You know, one can not live on YA, chick-lit, and stories about people with magical powers alone. Sometimes you have to mix it up a bit and cleanse your literary palate. Sometimes you have to read … a grown-up book. About history. I know, I know, it’s a radical concept, but stay with me for a moment. This book has adventure! Intrigue! And SPIES! I can’t venture too far out of my comfort zone after all. There have been many, many books about World War II and D-Day, but Double Cross: The True Story of the D-Day Spies (Crown 2012) by Ben Macintyre tells the story of the British intelligence division that specialized in turning German spies into double agents. Employing some of the last people that you’d want the fate of the free world to depend on — a shady Serbian playboy, a bisexual Peruvian party girl, a fanatical Polish patriot, an eccentric Spaniard with a degree in chicken farming, and a petty Frenchwoman who almost ruined the whole thing because of her stupid dog — the Double Cross spies and their handlers were at the heart of the massive deception that sought to keep as many German troops from the Normandy coast for as long as possible, thus saving thousands of Allied soldiers lives.
Macintyre writes in an appealing style that is perfect for the average layperson (someone who is not the biggest history buff, but who does have an interest and a certain amount of knowledge about a particular subject, in this case, World War II), but backs up his story with exhaustive research through MI5’s recently declassified wartime intelligence files and other sources. It helps that the subject is so inherently intriguing and that the characters, both the spies themselves and their handlers, are so colorful, but I think it takes skill to marry all that raw data into a cohesive and engaging narrative. The thing I was most impressed with though is that Macintyre manages to weave actual tension and suspense into the story considering WE KNOW HOW D-DAY TURNS OUT. Spoiler alert: it worked. And yet I found myself really anxious if so-an-so was going to get caught or if the Germans were suspecting anything. Well played, sir.
A few more observations and/or favorite bits:
- Though I think Macintyre hits this point too hard occasionally, the most amazing thing about this whole double agent enterprise was how fragile it was. If just one spy was caught in a lie or discovered then the Germans would suspect that ALL spies could be compromised. And if they knew that the intel they were being fed was faulty, then the Germans would be able to guess the real plans more easily. Plus, with one exception, it’s not like these double agents were of sterling moral character. Their unpredictability gave their handlers a lot of sleepless nights.
- On a related note, we’re really lucky that the Germans were so gullible and in some cases corrupt! They believed some ridiculous whoppers. And several of the German handlers were taking cuts of the money that the Nazis were paying the spies, so even if they suspected anything, they had a financial incentive not to turn the spies in.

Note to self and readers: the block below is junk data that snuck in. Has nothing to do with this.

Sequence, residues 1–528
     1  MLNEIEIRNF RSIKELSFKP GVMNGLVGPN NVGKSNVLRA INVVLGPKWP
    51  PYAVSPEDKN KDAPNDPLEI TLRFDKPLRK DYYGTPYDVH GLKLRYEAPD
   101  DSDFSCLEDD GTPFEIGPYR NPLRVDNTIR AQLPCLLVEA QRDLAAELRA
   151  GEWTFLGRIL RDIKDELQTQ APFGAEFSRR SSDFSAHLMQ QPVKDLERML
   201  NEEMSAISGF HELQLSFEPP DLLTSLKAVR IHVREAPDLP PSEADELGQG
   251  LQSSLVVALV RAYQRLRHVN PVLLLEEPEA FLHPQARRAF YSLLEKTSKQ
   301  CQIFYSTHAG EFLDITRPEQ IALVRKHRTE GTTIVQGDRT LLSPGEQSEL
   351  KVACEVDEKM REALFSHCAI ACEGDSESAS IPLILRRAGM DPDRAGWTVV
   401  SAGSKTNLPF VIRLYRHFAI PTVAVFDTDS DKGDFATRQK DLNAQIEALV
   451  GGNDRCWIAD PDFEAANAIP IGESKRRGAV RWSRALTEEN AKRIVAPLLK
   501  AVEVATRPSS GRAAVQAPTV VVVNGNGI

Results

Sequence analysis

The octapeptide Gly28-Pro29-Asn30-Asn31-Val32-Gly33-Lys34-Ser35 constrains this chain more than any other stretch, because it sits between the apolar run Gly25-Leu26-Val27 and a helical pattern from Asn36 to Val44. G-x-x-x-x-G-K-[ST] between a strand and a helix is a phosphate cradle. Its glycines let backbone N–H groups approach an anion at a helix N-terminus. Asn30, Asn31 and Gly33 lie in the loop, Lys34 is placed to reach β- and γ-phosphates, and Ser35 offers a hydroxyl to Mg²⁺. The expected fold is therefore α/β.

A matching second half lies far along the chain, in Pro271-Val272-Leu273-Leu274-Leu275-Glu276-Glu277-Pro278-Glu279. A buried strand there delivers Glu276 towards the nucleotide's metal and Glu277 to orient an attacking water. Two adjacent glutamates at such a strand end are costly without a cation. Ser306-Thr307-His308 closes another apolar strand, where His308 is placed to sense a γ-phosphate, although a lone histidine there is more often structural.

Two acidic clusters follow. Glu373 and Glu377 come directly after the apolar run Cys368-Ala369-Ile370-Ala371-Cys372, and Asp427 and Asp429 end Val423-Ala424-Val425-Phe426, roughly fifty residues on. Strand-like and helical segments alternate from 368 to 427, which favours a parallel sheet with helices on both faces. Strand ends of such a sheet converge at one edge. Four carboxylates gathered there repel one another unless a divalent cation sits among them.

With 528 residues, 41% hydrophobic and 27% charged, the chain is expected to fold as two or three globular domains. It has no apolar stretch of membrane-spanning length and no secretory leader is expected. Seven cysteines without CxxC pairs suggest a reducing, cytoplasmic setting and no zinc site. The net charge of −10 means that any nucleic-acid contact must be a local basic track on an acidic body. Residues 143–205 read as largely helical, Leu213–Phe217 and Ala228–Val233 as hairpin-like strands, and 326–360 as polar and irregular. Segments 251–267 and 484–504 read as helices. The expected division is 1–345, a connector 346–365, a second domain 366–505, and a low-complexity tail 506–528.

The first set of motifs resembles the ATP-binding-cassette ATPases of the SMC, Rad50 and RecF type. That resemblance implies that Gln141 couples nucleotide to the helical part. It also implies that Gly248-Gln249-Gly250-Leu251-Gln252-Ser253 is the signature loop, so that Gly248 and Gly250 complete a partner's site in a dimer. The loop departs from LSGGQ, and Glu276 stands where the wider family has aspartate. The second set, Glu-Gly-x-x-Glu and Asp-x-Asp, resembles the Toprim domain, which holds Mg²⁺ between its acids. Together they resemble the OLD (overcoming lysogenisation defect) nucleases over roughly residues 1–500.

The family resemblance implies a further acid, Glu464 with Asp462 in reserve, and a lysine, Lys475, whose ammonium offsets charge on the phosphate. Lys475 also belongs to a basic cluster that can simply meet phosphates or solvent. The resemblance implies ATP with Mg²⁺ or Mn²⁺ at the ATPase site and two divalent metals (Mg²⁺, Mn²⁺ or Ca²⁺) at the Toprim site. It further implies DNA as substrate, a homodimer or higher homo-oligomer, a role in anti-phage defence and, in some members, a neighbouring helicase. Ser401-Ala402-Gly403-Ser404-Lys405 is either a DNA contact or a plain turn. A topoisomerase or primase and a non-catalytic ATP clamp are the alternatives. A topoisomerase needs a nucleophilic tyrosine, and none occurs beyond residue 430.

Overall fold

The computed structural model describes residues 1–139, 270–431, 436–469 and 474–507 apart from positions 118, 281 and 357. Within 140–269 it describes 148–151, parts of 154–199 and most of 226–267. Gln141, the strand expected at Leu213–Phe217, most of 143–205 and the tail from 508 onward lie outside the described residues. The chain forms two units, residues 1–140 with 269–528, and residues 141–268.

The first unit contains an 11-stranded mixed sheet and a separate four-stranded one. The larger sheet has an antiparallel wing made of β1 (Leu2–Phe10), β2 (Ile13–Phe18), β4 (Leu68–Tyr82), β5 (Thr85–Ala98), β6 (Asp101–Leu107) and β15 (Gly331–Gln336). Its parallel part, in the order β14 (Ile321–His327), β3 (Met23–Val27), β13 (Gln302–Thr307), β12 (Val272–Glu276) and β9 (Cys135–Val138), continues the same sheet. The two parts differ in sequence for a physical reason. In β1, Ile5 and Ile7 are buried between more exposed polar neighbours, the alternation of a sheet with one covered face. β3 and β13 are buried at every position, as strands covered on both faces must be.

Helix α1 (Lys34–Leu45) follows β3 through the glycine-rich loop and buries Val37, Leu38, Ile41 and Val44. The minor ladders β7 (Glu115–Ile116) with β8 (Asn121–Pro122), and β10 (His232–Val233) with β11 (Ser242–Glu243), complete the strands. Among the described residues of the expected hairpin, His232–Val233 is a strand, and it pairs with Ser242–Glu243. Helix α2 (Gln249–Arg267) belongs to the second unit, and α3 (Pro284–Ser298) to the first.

- My favorite spy featured in the story is Juan Pujol Garcia, the Spanish chicken farmer, because he decided that he wanted to spy for the British but at first they were all, “hmm, we’re good,” so he just started pretending to spy for the Germans and made stuff up. Only he didn’t really know much about England and some of the stuff he came up with made no sense but the Germans still bought it (see the above bullet point), so MI-5 ended up recruiting him anyway so at the very least he didn’t accidentally reveal real military plans. And the entire rest of the war Pujol sat in a room in England and made shit up. He invented an entire fake spy ring with a cast of hundreds of pretend spies who each had their own fake occupations and fake motivations. I mean, he was essentially writing his own spy soap opera. At one point they worried that the Germans would realize that it was physically impossible for one person to be gathering all that info, but no, the Nazis LOVED him. They awarded him the Iron Cross for extraordinary merits!
- On a critical note, I feel like the two female double agents get the short shrift in this book. I’m not sure if it’s because their stories were less showy than their male counterparts or if, due to the sexism of the time, there were just less records about them, but I would have liked to have delved into their stories more.
I’m not a big history buff or a big non-fiction reader, but I really enjoyed Double Cross: The True Story of the D-Day Spies. It takes a subject that’s been discussed to death and tells it in a new and interesting way. It’s no secret that I’m a big fan of spy stories, but to read details about how real people accomplished amazing things not using crazy disguise or fancy martial arts, but through sheer balls is inspiring. If you are into World War II or spies at all, I’d recommend checking it out.